Beacon fitness center will pick them up

Although Keith Laug has been helping people get fit for more than 20 years, he never imagined picking up bags of books as part of his personal fitness routine.

Laug got into the fitness business in 2002, doing personal training in people’s homes. Six years later, he opened a studio, ZONED Fitness, in Beacon.

But when the pandemic hit in 2020, his business took a hit, too.

“We were shut down completely by the state from mid-March to Labor Day weekend,” Laug recalls. “I couldn’t open my doors.”

As restrictions were loosened, he was able to reopen, but at only a third of capacity. On top of that, people were reluctant to work out in groups.

In 2021 he downsized, moving ZONED Fitness to 278 Main St. He had gone from training groups of up to 12 people, including children, to working with one person at a time. “That had an impact on the revenue I could generate in a day,” Laug says.

Restaurants had found ways to bring in revenue during the pandemic by adding outdoor dining, increasing takeout and home delivery. Laug needed a new revenue stream.

In September, a childhood friend told him about a sideline business he had started in Connecticut, collecting unwanted books for resale.

Laug thought the idea had merit. In October, he established Kejola Books.

“People have an emotional attachment to their books; they don’t want to just trash or recycle them,” Laug said. “They want to know they can be put back into circulation and that someone will read them again.”

Laug accepts all manner of books in good condition at his studio; he also offers pickup in much of the Hudson Valley. He has traveled as far north as Poughkeepsie and as far south as Cortlandt, with stops along the way in Fort Montgomery, Highland, Garrison and other communities.

Where to Donate

Here are places to donate books that allow for a tax deduction. Encyclopedias, textbooks, magazines and damaged books are not accepted.

Desmond-Fish Public Library (Garrison)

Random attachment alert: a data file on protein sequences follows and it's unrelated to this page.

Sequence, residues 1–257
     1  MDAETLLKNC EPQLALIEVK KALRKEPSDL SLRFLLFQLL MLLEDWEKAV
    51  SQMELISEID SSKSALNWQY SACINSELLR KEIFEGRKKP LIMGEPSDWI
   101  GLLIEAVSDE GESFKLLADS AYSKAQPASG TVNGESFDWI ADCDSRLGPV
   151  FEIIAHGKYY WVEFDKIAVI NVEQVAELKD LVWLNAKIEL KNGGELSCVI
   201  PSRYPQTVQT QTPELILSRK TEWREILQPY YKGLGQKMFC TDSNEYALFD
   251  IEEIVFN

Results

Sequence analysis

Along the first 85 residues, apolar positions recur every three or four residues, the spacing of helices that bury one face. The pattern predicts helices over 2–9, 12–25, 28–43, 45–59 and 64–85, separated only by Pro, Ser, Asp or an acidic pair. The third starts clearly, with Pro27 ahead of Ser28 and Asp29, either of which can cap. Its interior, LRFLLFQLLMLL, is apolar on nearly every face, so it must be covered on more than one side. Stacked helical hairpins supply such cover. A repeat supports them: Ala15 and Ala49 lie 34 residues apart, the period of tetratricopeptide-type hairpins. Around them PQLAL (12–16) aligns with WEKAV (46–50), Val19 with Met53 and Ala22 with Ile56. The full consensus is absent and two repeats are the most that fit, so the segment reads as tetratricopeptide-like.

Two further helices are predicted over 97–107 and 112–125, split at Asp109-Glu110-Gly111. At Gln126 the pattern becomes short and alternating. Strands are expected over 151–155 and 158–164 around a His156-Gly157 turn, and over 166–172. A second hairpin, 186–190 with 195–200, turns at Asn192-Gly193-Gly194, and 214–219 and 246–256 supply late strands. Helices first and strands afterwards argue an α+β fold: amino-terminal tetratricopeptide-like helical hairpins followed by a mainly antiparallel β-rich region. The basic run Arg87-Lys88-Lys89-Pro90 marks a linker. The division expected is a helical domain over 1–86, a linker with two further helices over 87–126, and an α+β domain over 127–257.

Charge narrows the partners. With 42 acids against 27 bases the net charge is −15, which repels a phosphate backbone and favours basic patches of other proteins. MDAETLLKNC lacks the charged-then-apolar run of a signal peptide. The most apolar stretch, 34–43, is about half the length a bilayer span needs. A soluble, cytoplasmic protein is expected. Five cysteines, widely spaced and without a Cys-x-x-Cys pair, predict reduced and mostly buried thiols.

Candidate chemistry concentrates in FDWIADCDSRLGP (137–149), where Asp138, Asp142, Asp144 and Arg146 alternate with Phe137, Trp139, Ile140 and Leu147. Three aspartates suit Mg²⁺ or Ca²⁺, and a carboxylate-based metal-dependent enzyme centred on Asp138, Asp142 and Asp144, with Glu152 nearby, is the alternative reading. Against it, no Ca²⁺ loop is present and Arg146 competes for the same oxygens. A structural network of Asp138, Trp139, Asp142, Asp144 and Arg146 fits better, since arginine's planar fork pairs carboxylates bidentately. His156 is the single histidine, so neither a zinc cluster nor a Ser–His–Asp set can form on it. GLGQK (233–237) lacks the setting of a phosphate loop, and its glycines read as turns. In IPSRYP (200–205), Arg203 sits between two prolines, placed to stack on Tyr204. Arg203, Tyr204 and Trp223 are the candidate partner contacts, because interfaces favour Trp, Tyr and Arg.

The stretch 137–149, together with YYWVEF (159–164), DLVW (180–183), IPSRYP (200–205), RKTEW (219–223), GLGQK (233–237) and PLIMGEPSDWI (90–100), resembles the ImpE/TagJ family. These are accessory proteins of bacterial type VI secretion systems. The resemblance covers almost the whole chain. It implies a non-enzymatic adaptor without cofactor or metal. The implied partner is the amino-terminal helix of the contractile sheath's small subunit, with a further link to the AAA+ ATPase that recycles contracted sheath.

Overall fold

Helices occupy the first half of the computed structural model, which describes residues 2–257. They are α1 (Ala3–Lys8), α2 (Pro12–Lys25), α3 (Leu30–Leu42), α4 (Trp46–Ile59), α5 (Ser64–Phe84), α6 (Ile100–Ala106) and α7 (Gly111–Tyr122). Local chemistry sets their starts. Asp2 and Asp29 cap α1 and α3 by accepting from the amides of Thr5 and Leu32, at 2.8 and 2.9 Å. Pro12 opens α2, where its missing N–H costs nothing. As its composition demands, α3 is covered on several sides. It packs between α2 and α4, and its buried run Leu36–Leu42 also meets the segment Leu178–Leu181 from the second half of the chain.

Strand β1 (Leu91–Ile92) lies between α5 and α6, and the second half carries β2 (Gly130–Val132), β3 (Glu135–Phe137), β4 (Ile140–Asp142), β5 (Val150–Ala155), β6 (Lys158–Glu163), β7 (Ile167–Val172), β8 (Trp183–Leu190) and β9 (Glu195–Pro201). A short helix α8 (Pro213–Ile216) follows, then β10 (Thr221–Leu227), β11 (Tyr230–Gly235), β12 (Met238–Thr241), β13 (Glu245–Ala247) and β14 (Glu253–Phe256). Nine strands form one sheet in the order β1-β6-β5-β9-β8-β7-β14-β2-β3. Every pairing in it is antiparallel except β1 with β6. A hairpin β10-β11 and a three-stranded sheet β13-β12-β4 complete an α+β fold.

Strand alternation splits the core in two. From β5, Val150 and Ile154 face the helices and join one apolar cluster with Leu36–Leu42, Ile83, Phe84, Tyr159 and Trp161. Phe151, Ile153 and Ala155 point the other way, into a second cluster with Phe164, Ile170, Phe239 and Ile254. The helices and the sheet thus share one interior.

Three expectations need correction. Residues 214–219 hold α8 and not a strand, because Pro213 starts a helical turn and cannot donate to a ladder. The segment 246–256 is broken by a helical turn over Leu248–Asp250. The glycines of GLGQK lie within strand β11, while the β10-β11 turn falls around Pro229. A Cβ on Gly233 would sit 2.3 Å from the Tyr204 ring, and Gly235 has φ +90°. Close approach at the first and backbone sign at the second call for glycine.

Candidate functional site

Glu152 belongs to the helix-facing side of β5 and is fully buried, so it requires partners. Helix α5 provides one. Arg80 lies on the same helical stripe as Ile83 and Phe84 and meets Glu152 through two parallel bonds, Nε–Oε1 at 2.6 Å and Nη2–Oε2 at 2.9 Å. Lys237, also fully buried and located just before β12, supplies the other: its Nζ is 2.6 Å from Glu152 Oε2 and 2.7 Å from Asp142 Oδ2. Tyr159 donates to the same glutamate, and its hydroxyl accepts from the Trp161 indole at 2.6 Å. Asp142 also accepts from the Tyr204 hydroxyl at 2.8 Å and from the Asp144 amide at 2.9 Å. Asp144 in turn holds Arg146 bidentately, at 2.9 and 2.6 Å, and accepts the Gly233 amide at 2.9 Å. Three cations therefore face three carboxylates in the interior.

Donations are accepted only shortly before its annual summer sale. See

Beacon Reads (309 Main St.)
The bookstore benefits the Howland Public Library. Due to lack of space, no donations will be accepted until Feb. 1. See The store is open daily except Monday and Tuesday.

Field Library (Peekskill)
The library bookstore at 934 South St. is open daily except Sunday from 10 a.m. to 5 p.m. See

Poughkeepsie Library
Drop books in the donation pod at the rear of the building weekdays from 9 a.m. to 1 p.m. or in the white library van in the parking lot on Saturdays from 10 a.m. to noon. See The store at 114 Boardman Road is open from 10 a.m. to 4 p.m. on Tuesday, Thursday and Saturday.

Laug sells the books on eBay, Facebook and other sites, and to bulk buyers. Those he can’t sell are donated to nursing homes and other organizations that accept books. Recycling is a last resort, and only for books in poor condition.

Laug has been surprised by which books do best in the resale market, with nonfiction easily outperforming fiction.

“Textbooks, manuals, art and photography books do well,” he said. “I recently had an obscure mechanical manual that sold right away, as did a book on how to crochet.” A book by Frank Lloyd Wright was another instant seller.

In fiction, anything by Stephen King sells easily, Laug said. Last weekend he was surprised to receive a book club first edition of Dune. “I put it on the market and someone grabbed it right away,” Laug said.

He’s also working on two potential acquisitions, a set of early 20th-century editions of works by Mark Twain and a collection of books by Charles Dickens printed in the 1930s.

Laug feels there is a pent-up demand among people who have books they want to give away, and that it is growing. One client gave him 500 books. “They tell me they’ve been looking for this service for years,” but that in the past no one accepted donated books on a regular basis.

Kejola Books “is now at a point where it is becoming profitable,” Laug said, a welcome development since his fitness studio is still recovering.

Behind The Story

Type: News

News: Based on facts, either observed and verified directly by the reporter, or reported and verified from knowledgeable sources.

Turton, who has been a reporter for The Current since its founding in 2010, moved to Philipstown from his native Ontario in 1998. Location: Cold Spring. Languages: English. Area of expertise: Cold Spring government, features

One reply on “About Those Books You Want to Unload”

  1. The book nerd in me wants so badly to properly organize those piles. It gave me anxiety looking at the photo. [via Instagram]

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